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Volume 46: Issue 1 (March 1991)


Pages: 1-1  |  Published: 3/1991  |  DOI: 10.1111/j.1540-6261.1991.tb03742.x  |  Cited by: 3

The Long‐Run Performance of initial Public Offerings

Pages: 3-27  |  Published: 3/1991  |  DOI: 10.1111/j.1540-6261.1991.tb03743.x  |  Cited by: 1826


The underpricing of initial public offerings (IPOs) that has been widely documented appears to be a short‐run phenomenon. Issuing firms during 1975–84 substantially underperformed a sample of matching firms from the closing price on the first day of public trading to their three‐year anniversaries. There is substantial variation in the underperformance year‐to‐year and across industries, with companies that went public in high‐volume years faring the worst. The patterns are consistent with an IPO market in which (1) investors are periodically overoptimistic about the earnings potential of young growth companies, and (2) firms take advantage of these “windows of opportunity.”

The Investment Performance of Low‐grade Bond Funds

Pages: 29-48  |  Published: 3/1991  |  DOI: 10.1111/j.1540-6261.1991.tb03744.x  |  Cited by: 114


This study extends the literature on the pricing of low‐grade bonds by examining the performance of low‐grade bond funds. The findings reveal that over the long run low‐grade bond fund returns are approximately equal to the returns provided by an index of high‐grade bonds. The relative risks of high and low‐grade bonds are more difficult to assess. Because of their shorter durations, low‐grade bonds are less sensitive to movements in interest rates than high‐grade bonds. On the other hand, low‐grade bonds are much more sensitive to changes in stock prices than high‐grade bonds. When adjusted for risk using a simple two‐factor model, the returns on low‐grade bond funds are not statistically different from the returns on high‐grade bonds.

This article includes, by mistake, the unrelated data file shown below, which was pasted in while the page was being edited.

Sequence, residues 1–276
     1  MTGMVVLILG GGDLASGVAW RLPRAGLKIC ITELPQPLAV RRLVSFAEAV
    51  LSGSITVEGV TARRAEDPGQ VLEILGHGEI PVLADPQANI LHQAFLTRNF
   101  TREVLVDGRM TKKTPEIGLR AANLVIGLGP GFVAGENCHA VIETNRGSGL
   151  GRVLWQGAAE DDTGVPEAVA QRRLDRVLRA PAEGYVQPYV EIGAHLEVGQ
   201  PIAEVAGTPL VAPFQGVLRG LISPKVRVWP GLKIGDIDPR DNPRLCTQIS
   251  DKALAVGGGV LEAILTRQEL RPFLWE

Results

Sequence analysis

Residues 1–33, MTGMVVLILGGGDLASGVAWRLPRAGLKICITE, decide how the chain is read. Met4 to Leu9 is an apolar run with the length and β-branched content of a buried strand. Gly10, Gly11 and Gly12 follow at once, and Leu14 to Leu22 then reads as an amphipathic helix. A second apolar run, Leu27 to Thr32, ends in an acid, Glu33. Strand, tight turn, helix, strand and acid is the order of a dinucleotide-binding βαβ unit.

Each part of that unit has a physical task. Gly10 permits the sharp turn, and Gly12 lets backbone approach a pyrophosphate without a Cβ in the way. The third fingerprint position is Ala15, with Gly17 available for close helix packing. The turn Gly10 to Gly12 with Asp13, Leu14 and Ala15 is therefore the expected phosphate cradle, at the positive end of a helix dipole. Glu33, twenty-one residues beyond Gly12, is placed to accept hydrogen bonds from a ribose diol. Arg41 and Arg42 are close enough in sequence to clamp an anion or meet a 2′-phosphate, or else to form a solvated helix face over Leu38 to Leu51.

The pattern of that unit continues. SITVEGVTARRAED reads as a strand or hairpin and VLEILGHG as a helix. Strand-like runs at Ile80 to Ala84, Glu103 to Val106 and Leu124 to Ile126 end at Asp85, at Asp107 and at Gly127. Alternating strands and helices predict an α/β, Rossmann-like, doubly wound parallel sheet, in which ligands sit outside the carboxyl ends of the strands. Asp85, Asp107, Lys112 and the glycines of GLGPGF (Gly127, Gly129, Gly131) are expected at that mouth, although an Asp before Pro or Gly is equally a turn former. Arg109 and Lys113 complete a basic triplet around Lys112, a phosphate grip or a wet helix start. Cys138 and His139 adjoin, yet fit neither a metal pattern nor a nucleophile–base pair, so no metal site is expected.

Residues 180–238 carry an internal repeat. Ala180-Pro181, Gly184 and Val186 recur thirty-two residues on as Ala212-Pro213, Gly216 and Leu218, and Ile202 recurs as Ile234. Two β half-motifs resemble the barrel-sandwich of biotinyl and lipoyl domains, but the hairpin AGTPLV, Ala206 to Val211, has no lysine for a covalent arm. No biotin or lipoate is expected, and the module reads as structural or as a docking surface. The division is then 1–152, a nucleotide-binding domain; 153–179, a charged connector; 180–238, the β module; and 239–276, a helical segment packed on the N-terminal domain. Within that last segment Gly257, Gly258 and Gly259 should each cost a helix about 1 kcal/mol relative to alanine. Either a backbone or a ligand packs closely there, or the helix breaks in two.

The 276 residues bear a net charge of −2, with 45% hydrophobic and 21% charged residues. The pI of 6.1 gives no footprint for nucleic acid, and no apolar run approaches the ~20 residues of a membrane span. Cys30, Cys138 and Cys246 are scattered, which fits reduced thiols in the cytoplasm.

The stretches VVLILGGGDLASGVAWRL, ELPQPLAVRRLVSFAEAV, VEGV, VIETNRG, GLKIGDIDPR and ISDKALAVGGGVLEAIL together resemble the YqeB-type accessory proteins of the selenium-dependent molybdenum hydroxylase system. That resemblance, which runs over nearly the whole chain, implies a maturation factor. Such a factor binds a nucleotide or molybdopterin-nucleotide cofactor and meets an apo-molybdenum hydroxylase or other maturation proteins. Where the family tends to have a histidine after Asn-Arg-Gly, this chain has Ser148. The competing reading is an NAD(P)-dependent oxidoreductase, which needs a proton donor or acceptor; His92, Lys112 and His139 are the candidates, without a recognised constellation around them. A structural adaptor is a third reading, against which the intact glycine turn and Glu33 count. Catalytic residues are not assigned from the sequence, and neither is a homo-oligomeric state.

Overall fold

Returns and Volatility of Low‐Grade Bonds 1977–1989

Pages: 49-74  |  Published: 3/1991  |  DOI: 10.1111/j.1540-6261.1991.tb03745.x  |  Cited by: 109


This paper examines the risks and returns of long‐term low‐grade bonds for the period 1977–1989. We find: (1) low‐grade bonds realized higher returns than higher‐grade bonds and lower returns than common stocks, and low‐grade bonds exhibited less volatility than higher‐grade bonds due to their call features and high coupons; (2) there is no relation between the age of low‐grade bonds and their realized returns; cyclical factors explain much of the observed relation between default rates and bond age; and (3) low‐grade bonds behave like both bonds and stocks. Despite this complexity there is no evidence that low‐grade bonds are systematically over‐ or under‐priced.